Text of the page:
Current account convertibility means freedom to convert domestic currency into foreign currency and vice versa for trade in goods and invisibles (services, transfers or income from investment). Individuals and entities can convert currencies in the foreign exchange market.
Current account convertibility is one part of currency convertibility. The other part is capital account convertibility. Current account and capital account convertibility indicate the purpose for which currency is converted.
Currency convertibility refers to the freedom to convert domestic currency into other internationally accepted currencies and vice versa. Exporters, importers, foreign investors, domestic investors investing abroad, residents and corporate etc., would like to convert domestic currency into foreign currency and vice versa to meet their international engagements.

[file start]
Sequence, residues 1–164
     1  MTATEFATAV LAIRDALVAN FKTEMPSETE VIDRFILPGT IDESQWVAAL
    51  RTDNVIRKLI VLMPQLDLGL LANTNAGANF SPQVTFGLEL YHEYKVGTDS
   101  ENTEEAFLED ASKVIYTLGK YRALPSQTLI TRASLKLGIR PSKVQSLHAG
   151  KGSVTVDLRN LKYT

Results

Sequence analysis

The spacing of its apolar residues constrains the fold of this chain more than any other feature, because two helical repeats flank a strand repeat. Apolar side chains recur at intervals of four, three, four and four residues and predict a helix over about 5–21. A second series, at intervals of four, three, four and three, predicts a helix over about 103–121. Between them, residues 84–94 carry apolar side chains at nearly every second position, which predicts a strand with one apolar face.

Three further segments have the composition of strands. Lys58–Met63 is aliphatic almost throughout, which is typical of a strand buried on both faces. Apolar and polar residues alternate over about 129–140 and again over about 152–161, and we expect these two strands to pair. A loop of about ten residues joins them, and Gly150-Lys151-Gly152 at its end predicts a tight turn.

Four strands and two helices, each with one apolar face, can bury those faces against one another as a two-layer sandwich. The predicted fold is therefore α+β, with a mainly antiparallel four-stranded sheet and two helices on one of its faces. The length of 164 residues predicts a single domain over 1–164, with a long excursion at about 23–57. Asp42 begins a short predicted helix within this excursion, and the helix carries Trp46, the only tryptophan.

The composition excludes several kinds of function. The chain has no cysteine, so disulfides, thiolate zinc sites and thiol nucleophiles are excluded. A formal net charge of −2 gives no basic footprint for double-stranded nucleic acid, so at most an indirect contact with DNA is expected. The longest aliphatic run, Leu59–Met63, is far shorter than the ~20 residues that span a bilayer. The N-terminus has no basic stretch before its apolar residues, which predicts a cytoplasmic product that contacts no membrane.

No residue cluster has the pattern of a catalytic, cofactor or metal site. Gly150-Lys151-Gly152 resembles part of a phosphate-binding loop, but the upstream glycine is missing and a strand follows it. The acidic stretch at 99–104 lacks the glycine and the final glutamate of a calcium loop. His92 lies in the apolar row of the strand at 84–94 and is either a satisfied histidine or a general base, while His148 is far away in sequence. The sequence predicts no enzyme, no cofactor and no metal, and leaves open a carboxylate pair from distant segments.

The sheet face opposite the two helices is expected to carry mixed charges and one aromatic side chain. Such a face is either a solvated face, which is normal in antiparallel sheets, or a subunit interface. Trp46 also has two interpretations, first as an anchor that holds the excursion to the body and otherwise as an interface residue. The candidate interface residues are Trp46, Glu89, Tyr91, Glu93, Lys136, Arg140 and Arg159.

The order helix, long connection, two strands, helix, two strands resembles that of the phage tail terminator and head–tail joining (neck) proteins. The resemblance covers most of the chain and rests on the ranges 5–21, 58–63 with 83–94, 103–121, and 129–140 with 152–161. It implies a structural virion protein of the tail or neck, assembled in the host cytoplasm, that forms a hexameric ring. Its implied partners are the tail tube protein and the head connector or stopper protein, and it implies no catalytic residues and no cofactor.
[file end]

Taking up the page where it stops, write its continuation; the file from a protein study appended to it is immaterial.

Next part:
When there is current account convertibility for rupee, an exporter can sell the US Dollars (or other foreign currency) he obtained from exporting a commodity at the market determined exchange rate in India. This means that there is no exchange controls (foreign exchange controls). Similarly, when an importer buys foreign currency from India’s foreign exchange market by exchanging rupee, it is current account convertibility.
Introduction of full current account convertibility in India
In India, there is full current account convertibility since August 20, 1993. A series of measures were launched then to liberalise exchange controls and the exchange rate system was shifted to market- determined exchange rates since March 1993. After that, on August 20, 1993, the RBI announced that that the rupee became fully convertible on current account. This was after India accepted the status and obligations of Article VIII with the IMF.